Rosa

Rosa is the coolest character in the entire series - her existence is primarily what makes Kizuna Encounter so rad, and her absence is what makes Savage Reign so mediocre. She's basically a Hispanic female version of Rambo, except with a tight red shirt and a killer katana. Per SNK standards, you can knock her shirt off under the right circumstances.

Kim Sue Il

This fellow looks remarkably like tae-kwon-do Kim Kaphwan, another element vaguely tying this together with the Fatal Fury series. This Kim is just as cool as his forefather, keeping with his strong sense of justice, except he wields a giant bo. Also known as Kim Young Mok in some versions.

Jyazu

In some ways, I should be offended by Jyazu (sometimes spelled "Jazu" - it's all the same in Japanese), because it seems like the graphic designers took the animations from Mezu/Gozu and reskinned them. But that mask looks really cool - the guy's a crow demon, you see - and he looks remarkably more fearsome than King Lion ever could. He also seems to have a gun hidden in his wrists, beneath his claws.

Savage Reign (Neo Geo)

Savage Reign (Neo Geo)

Savage Reign (Neo Geo)

Savage Reign (Neo Geo)

Savage Reign (Neo Geo)

Kizuna Encounter: Super Tag Battle (Neo Geo)

Kizuna Encounter: Super Tag Battle (Neo Geo)

Kizuna Encounter: Super Tag Battle (Neo Geo)

Kizuna Encounter: Super Tag Battle (Neo Geo)


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Savage Reign / Fūun Mokushiroku: Kakutou Sousei (風雲黙示録 ~格闘創世~) - Neo Geo, Neo Geo CD, PlayStation 2 (1995)

American Neo Geo Cover

Artwork

All throughout the 1990s, the arcades were packed with fighting games. After seeing that blatant Street Fighter rip-offs like World Heroes and Fighters History weren't pulling in huge numbers, game publishers needed to do everything that they could to make their games stand out. SNK succeed quite well at this, by creating a number of franchises that were familiar to Capcom fans yet still distinctive enough to warrant constant playtime.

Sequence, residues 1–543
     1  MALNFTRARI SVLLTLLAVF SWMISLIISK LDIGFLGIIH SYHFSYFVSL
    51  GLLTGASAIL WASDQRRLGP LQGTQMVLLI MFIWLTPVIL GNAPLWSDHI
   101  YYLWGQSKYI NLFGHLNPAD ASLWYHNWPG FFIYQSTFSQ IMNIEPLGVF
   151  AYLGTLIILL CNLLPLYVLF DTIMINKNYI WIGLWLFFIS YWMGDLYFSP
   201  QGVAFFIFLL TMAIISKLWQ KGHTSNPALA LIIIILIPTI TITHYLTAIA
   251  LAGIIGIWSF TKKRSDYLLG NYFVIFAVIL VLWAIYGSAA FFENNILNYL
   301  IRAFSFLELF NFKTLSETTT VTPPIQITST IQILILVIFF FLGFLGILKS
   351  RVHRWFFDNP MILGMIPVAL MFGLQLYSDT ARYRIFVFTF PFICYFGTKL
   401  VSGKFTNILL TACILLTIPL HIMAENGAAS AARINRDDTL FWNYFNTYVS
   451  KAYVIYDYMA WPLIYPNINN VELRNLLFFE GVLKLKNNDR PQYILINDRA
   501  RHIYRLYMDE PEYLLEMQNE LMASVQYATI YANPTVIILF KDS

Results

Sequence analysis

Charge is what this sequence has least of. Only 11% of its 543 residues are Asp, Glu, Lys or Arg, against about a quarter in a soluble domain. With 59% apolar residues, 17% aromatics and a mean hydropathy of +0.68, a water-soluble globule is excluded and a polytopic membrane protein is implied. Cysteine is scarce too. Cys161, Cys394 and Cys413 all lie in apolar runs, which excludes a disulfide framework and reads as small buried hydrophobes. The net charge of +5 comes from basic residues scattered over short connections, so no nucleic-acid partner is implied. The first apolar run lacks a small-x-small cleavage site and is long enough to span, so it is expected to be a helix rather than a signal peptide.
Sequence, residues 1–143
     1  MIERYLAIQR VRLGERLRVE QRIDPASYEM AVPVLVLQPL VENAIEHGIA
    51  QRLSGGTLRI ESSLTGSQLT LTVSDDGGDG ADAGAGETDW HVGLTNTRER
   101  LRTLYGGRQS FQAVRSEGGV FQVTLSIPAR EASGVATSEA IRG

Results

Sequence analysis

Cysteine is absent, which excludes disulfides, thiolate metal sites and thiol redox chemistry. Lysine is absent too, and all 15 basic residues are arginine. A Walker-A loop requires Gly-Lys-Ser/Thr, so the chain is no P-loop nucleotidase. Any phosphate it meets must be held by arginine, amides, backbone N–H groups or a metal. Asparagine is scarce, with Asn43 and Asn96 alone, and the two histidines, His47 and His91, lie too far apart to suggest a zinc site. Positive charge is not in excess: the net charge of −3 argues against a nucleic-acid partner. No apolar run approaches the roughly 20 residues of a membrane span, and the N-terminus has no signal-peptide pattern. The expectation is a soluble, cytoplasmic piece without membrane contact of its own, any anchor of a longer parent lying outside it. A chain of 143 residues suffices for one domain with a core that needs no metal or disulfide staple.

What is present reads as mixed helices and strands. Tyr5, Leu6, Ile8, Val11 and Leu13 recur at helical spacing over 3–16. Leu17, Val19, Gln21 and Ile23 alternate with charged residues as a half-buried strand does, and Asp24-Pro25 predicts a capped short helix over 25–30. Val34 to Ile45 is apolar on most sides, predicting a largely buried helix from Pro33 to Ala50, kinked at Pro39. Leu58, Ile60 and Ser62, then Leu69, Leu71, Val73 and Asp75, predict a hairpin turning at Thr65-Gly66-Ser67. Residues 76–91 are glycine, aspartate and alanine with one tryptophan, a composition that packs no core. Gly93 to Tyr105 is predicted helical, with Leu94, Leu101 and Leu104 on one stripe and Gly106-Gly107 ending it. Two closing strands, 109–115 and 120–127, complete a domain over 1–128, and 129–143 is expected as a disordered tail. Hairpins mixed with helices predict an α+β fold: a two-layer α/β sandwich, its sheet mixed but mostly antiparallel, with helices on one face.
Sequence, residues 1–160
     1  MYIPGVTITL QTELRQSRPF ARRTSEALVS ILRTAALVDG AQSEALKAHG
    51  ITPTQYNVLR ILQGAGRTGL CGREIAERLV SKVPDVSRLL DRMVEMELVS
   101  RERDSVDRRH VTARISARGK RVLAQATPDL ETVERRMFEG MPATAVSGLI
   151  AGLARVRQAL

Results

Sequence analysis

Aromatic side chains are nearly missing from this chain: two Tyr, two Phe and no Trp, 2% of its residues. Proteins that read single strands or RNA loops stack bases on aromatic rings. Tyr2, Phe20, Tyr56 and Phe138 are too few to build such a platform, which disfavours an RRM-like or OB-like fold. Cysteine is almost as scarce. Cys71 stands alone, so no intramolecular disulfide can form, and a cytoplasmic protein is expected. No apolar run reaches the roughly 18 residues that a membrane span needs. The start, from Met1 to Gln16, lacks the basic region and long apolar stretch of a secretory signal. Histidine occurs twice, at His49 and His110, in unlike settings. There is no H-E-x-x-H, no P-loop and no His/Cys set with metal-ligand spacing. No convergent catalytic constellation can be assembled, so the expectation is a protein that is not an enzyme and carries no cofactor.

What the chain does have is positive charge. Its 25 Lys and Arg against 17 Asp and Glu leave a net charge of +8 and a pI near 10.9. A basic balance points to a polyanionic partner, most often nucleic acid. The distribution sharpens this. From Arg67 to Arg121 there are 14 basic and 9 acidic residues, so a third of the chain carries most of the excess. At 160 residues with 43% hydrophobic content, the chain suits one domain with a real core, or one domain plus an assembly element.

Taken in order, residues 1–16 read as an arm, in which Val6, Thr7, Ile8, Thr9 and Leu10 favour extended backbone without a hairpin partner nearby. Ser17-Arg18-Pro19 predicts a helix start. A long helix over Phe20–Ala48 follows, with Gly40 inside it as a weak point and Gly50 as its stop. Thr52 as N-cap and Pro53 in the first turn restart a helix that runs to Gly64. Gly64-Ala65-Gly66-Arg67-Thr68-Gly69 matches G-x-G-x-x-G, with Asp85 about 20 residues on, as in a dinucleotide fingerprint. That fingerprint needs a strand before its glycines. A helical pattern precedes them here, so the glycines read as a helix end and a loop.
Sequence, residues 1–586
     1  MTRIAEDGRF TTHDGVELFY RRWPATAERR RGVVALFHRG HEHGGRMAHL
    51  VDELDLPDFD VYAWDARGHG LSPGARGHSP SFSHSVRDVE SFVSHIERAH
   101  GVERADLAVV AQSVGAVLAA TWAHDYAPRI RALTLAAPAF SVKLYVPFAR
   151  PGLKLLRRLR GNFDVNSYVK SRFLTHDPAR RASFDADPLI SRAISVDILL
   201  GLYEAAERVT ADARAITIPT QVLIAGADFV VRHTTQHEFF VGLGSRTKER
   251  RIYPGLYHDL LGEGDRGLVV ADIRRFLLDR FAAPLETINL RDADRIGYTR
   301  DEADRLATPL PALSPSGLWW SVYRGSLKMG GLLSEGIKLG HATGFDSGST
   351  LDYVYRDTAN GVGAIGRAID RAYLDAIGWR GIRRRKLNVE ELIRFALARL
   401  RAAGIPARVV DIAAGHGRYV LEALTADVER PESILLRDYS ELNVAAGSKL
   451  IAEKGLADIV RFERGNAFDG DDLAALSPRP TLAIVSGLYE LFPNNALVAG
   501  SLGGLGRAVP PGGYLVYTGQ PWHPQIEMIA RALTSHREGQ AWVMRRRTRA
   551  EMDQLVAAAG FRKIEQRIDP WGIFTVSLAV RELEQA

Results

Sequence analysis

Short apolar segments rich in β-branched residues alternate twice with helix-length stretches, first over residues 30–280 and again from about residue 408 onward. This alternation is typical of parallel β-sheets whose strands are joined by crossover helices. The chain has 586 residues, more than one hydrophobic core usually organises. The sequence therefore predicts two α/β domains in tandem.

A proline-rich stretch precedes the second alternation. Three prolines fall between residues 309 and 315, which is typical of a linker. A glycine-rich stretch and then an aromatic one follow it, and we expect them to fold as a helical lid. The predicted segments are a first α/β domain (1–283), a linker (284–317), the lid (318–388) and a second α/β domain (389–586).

Savage Reign is one of those games that tries a bit too hard to be difficult by slapping together seemingly disparate elements from as many different places as possible. Hey, it's got weapon-based combat like Samurai Shodown! And plane-switching like the older Fatal Fury games! Except each stage is different and occasionally you can use elements of the scenery as weapons, kinda like World Heroes! And the fast paced action of the Real Bout series! It's dark and apocalyptic, but still has a cast of strange and wacky characters, like Power Instinct! This must've been someone's concept of an ultimate fighting game, but none of these aspects really come together to a coherent whole.

Savage Reign

At least Savage Reign controls well. The A and B buttons are used for punches and kicks respectively, and the C button will attack with your character's weapon. Some characters can toss their weapons by hitting A and B simultaneously. You tap the buttons for weak attacks, and press them for strong attacks, a regrettable holdover from the earlier World Heroes and Art of Fighting games. Pressing the D button allows you to jump back and forth between the two planes of scenery. Unlike Fatal Fury, the planes are on different vertical levels, allowing fighters to attack from above or below. In some stages, changing planes means jumping between elevated ledges. In others, you can hang on to wires at the top of the screen and drop bits of scenery on your opponent. Although this mechanic was interesting back when it was first introduced in Fatal Fury, it was ultimately a gimmick that added little to the experience. Its importance was wisely lessened by the time the Real Bout games rolled around, and its presence here feels like the designers of Savage Reign never learned their lesson.

Savage Reign is a technically solid fighter, but the general lack of depth, combined with the lack of cohesive design, lame characters and forgettable music, renders this one of SNK's lesser titles. The Neo Geo CD has an arranged soundtrack, which can be chosen in the PlayStation 2 release. The PS2 version also supports online play, although only if you're in Japan.

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Additional Screenshots


Kizuna Encounter: Super Tag Battle / Fūun Super Tag Battle (風雲スーパータッグバトル) - Neo Geo, PlayStation 2, Wii Virtual Console (1996)

American Neo Geo Cover

Japanese Fūun Super Combo Cover